After seven years, Erica Crompton has learned to live with psychosis. But the fear her illness inspires in other people is much harder to get used to.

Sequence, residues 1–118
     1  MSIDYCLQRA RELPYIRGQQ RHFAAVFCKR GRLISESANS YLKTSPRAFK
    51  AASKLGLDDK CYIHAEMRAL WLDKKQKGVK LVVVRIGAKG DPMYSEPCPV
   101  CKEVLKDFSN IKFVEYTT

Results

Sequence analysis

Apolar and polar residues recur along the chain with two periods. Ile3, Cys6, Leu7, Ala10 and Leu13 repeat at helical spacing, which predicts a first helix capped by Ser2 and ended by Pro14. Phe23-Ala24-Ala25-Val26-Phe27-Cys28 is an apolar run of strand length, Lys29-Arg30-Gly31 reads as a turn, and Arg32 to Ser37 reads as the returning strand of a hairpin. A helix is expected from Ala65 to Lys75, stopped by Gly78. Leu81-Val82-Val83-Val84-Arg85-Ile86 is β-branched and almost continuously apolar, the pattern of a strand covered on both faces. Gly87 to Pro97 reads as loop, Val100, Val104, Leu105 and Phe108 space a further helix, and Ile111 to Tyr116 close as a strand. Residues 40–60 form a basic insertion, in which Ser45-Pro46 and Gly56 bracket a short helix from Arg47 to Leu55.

The onset was fast. It was December 2003 and the midnight screech of police sirens, usually no more than irritating, suddenly seemed deafening and unbearable. Sleepless and paranoid, I would wander the house at 3am seeking spy equipment. In the daytime, flickering TVs and "wrong number" callers to my mobile, things others would hardly register, seemed to signal imminent danger. And hovering helicopters zoomed in on my every move with sophisticated zoom-lens technology.